Archive for the ‘Travel’ Category

Forest Hill


Let’s say you broke your hip 5 months ago, and you are eager to walk less like Frankenstein’s monster and more like your old self, and you know you have to do your exercises and do a lot of walking to get stronger and faster…. Oh, let’s just say it’s ME, because of course it is.

I try to get outside each day to walk a bit, but I’m still a little unsteady on my feet. I often feel that bumping into someone or something could send me sprawling (been there, done that) and so I’m cautious of crowds and uneven ground just now.

Sidewalks seem treacherous to me these days, fraught with all sorts of things to trip me up. Cracked concrete, pebbles or gravel, uneven pavement. It gives me the heebie-jeebies. The Lakewalk is nice and smooth, but I currently walk at a snail’s pace, and would be passed by bikes, strollers, joggers, kids on skateboards, dogs on leashes, and other things that might sneak up behind me and throw off my concentration. Walking is serious business these days.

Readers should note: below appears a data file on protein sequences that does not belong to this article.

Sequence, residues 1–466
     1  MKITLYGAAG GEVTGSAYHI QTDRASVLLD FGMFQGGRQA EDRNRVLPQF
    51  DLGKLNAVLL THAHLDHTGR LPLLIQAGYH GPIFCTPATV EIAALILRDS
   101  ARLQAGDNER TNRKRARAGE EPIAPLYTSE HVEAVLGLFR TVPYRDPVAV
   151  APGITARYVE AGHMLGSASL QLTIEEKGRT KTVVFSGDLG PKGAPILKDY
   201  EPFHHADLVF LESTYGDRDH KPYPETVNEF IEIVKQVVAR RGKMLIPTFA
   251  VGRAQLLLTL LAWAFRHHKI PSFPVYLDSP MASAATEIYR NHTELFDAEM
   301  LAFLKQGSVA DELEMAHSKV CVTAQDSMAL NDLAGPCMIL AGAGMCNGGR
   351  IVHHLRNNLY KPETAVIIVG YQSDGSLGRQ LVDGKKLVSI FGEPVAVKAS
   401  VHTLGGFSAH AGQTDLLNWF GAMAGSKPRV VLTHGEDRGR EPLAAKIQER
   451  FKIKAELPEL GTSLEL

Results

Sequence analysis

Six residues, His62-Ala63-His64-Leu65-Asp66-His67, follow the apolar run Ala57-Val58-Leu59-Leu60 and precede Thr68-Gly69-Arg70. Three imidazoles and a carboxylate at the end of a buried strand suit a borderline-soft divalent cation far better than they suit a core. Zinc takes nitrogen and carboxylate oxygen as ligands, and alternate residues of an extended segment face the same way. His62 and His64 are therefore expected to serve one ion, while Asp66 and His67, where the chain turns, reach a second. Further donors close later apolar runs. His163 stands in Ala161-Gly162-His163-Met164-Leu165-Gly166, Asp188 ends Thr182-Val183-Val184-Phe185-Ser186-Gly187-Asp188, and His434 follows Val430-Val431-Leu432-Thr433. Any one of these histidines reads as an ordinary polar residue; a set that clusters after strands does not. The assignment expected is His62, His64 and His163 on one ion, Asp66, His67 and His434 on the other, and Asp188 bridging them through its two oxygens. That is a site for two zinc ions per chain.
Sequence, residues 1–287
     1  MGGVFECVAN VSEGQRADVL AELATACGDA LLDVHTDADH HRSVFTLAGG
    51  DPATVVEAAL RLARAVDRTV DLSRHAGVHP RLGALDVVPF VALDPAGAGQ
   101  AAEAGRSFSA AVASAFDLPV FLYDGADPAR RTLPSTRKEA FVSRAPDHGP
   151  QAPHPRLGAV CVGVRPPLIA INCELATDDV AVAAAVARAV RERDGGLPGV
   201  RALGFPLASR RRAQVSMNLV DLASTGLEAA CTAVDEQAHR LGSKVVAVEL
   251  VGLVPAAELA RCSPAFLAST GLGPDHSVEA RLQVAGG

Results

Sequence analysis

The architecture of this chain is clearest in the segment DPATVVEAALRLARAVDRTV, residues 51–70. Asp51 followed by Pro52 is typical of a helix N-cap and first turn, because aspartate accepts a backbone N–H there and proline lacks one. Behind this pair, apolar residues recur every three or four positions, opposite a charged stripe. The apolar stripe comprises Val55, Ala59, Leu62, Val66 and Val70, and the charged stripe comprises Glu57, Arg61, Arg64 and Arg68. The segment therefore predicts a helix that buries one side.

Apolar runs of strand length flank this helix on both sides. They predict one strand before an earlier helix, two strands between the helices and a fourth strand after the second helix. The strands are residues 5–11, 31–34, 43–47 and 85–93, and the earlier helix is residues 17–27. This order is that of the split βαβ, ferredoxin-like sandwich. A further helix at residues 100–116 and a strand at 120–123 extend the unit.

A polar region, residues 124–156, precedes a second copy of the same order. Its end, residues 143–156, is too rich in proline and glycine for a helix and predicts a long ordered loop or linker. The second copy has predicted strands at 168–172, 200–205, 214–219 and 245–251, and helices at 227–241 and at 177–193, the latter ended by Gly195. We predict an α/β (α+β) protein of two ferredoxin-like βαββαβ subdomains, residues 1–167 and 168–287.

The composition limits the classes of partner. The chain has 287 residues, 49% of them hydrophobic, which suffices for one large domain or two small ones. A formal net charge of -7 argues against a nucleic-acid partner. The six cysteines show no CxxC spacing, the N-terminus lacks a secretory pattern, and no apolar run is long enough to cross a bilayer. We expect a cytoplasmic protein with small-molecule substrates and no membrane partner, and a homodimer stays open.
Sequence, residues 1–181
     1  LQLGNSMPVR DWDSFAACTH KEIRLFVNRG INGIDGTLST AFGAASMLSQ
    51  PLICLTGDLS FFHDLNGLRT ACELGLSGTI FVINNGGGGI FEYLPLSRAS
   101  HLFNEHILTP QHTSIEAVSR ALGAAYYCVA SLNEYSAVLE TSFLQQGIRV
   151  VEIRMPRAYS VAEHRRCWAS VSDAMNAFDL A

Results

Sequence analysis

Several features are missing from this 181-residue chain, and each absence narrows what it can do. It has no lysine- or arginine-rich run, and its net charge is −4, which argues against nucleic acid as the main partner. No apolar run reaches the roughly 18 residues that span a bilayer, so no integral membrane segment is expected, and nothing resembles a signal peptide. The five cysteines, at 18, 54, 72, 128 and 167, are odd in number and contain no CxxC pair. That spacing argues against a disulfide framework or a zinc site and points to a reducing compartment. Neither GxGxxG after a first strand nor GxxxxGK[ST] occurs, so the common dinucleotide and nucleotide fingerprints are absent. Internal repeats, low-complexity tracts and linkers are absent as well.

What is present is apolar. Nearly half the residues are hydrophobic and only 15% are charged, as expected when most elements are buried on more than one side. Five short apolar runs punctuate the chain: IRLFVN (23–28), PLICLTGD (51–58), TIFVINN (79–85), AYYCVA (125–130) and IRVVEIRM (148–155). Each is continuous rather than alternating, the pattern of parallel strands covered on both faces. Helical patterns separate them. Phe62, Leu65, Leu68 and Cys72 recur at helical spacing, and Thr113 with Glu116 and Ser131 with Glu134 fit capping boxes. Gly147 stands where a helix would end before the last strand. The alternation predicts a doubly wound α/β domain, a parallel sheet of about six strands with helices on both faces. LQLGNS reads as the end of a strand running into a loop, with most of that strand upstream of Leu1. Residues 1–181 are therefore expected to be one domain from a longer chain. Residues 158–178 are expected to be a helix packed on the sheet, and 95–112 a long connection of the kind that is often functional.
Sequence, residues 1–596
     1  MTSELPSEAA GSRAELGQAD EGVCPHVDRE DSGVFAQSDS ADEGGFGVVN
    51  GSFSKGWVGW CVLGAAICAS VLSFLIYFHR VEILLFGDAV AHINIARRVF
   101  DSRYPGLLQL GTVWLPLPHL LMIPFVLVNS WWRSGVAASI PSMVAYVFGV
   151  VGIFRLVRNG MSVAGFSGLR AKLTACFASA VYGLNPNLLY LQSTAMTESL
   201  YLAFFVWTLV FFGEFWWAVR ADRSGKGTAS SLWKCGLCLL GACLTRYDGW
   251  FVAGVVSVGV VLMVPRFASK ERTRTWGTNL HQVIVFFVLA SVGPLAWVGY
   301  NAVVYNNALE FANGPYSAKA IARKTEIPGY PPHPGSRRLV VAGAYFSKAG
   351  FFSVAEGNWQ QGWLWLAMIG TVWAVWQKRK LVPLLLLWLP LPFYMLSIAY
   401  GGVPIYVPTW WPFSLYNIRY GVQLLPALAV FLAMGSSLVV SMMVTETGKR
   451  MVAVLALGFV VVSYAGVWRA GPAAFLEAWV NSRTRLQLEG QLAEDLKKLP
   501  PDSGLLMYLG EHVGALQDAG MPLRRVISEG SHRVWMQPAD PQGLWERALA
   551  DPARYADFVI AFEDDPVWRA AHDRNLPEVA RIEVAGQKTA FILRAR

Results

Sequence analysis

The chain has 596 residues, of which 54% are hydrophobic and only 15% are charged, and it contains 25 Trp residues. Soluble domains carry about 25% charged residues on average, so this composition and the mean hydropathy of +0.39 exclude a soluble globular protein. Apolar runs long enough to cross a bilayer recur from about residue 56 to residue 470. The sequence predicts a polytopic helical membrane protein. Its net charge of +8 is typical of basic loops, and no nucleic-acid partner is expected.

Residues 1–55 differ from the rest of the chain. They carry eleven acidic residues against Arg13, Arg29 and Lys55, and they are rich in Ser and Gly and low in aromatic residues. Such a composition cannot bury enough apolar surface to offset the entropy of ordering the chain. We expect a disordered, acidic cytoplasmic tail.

But I’ve managed to find the perfect places to walk: Cemeteries. Aside from the bucolic setting and historical headstones, lush green grass and beautiful old trees, cemeteries are generally free of bikes, dogs, walkers, runners and crowds. They are peaceful and serene. Of course if you manage to actually fall, you’re completely on your own.

How many ghosts does it take to…. Well.

At Forest Hill in Duluth, the scenery is breathtaking and you can walk long stretches (if you count one block as a long stretch) without being accosted by pitfalls. Earlier this month, all the ducks and geese and other quacking critters were on the ponds, showing off their babies. What a sight! So glad I had taken my camera.

Go have a look when you have time.

Take bread.


Baby ducklings out for a swim.

Mom (or dad, I can never tell) keeps a watchful eye on the babies.

“Take a picture. It’ll last longer.

And so I did.

A Superior Drive